Appropriately set in the tropical rainforest area of the Malagos watershed reservation in the Baguio District of Davao City, the Philippine Eagle Center (official web page, Facebook page) is the main site dedicated to the conservation of the country’s national bird, the Philippine Eagle (Pithecophaga jefferyi) also known as haribon which means “bird-king”.
The Philippine Eagle Center is operated by the Philippine Eagle Foundation and both were established in 1987 in order to help preserve the species. The foundation successfully bred its first 2 chicks, Pag-asa and Pagkakaisa, in 1992 through artificial insemination. It would however take 7 more years before the first chick, Pangarap, that was bred naturally was hatched in 1999. A naturally conceived chick had been born earlier in 1995 but died hours later due to congenital defects. Today, the Center houses 36 Philippine Eagles, 18 of which have been bred there. Overall, the Foundation has successfully bred 21 individuals over the past 2 decades, including a chick born in 2013 from Pag-asa and Kalinawan, a female captive eagle. This chick is the first of the second generation of Philippine Eagles born in captivity.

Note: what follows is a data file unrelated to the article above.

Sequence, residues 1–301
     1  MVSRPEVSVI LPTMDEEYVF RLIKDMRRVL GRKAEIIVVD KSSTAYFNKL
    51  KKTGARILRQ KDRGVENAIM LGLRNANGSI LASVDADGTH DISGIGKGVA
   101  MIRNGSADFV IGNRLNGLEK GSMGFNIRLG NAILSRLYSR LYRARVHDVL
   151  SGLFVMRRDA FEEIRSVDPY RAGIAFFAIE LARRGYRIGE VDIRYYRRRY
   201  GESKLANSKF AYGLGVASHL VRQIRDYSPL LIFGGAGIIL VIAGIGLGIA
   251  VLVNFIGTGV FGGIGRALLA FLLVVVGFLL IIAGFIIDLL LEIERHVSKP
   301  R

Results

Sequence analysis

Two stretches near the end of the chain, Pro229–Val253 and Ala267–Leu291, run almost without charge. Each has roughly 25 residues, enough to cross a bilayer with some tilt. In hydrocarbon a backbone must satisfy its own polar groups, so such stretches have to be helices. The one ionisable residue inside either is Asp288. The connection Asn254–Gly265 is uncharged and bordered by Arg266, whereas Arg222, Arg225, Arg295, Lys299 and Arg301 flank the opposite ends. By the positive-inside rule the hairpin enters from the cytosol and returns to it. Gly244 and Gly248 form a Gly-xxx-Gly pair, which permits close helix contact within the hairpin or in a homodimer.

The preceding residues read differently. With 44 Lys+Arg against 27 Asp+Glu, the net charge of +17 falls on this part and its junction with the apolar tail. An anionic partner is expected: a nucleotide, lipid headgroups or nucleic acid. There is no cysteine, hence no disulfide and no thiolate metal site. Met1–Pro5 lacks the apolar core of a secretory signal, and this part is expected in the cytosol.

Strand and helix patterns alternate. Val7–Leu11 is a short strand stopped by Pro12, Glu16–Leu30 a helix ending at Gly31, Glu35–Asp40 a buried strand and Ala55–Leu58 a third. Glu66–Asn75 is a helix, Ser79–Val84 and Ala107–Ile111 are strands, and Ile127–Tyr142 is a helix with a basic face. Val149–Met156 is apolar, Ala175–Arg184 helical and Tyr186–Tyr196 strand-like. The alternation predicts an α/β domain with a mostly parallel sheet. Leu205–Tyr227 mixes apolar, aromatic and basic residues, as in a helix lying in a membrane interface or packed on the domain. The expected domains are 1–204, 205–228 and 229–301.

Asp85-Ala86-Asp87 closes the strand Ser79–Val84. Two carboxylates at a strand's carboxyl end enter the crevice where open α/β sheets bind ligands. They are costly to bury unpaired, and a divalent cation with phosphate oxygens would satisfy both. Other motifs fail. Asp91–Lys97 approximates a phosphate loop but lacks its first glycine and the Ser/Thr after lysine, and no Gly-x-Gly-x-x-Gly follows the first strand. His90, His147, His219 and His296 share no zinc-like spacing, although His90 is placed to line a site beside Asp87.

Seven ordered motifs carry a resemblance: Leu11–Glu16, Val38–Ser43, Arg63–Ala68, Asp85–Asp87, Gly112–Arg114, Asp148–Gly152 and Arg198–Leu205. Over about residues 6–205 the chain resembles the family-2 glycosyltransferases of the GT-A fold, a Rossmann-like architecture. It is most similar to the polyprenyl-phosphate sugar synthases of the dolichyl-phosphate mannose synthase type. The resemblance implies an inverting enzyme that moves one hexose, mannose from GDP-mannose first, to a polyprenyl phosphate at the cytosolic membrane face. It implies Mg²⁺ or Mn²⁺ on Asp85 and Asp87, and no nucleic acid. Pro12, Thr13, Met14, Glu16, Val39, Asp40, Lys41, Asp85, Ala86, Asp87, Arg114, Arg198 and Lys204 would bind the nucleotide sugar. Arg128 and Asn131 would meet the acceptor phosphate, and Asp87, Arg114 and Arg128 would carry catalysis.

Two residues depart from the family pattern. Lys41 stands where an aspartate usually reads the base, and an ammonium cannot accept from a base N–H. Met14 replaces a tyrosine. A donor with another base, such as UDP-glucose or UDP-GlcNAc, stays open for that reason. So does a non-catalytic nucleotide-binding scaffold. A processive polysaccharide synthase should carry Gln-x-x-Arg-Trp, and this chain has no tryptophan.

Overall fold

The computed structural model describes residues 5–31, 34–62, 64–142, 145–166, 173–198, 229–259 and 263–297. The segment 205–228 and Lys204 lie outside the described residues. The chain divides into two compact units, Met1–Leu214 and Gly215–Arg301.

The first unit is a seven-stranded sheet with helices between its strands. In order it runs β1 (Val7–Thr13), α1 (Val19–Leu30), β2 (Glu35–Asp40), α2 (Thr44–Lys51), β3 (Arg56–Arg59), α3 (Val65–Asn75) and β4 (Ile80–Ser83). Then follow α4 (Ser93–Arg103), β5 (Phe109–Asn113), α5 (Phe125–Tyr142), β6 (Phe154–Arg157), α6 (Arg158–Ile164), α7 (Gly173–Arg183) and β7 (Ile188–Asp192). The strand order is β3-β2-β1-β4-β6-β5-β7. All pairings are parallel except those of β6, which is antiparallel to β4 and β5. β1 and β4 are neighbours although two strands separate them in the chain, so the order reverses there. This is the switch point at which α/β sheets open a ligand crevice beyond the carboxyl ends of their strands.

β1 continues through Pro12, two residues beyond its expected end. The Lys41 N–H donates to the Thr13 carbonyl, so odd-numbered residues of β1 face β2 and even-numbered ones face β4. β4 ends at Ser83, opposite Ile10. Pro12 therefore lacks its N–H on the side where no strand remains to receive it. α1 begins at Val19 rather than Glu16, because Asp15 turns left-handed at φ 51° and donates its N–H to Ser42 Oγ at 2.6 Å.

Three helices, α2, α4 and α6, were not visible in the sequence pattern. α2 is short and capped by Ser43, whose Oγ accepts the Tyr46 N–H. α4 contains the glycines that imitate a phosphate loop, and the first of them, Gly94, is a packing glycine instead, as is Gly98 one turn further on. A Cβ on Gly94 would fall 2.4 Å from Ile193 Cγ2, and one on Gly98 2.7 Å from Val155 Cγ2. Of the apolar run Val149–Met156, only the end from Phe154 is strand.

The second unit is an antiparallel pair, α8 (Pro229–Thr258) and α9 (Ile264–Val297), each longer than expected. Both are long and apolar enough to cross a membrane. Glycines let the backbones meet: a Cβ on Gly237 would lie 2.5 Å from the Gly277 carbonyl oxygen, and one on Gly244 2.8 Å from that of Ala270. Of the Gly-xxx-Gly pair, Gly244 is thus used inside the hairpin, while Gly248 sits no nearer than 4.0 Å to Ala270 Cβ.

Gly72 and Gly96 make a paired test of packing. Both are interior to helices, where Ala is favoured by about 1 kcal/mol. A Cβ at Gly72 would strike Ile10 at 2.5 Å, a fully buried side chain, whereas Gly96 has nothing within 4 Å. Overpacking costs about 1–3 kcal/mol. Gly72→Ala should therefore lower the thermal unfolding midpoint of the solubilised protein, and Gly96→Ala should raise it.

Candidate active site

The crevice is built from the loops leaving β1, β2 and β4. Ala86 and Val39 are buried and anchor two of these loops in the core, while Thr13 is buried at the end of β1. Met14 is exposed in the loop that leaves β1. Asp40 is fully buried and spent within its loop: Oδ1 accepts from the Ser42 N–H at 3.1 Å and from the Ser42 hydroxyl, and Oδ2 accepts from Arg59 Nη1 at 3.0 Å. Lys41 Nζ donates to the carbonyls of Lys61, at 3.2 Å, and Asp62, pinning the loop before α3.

Aside from Philippine Eagles, the Center also houses various other birds, mammals, and reptiles some of which are also endangered. The Center was opened to tourists in order to educate people about the Philippine Eagle and its conservation program and to help gain publicity to raise funds to help support their program. The Philippine Eagle Center is open daily from 8 a.m. to 5 p.m. and there is an entrance fee of 50 pesos for adults and 30 pesos for children and youth.
If you want to help the Philippine Eagle Foundation, please visit this page on their website where you can opt to “adopt” an eagle for 100,000 pesos which will support one eagle for one year. Instead of donating money, you can also help by donating your time and volunteering in their activities and by doing field work.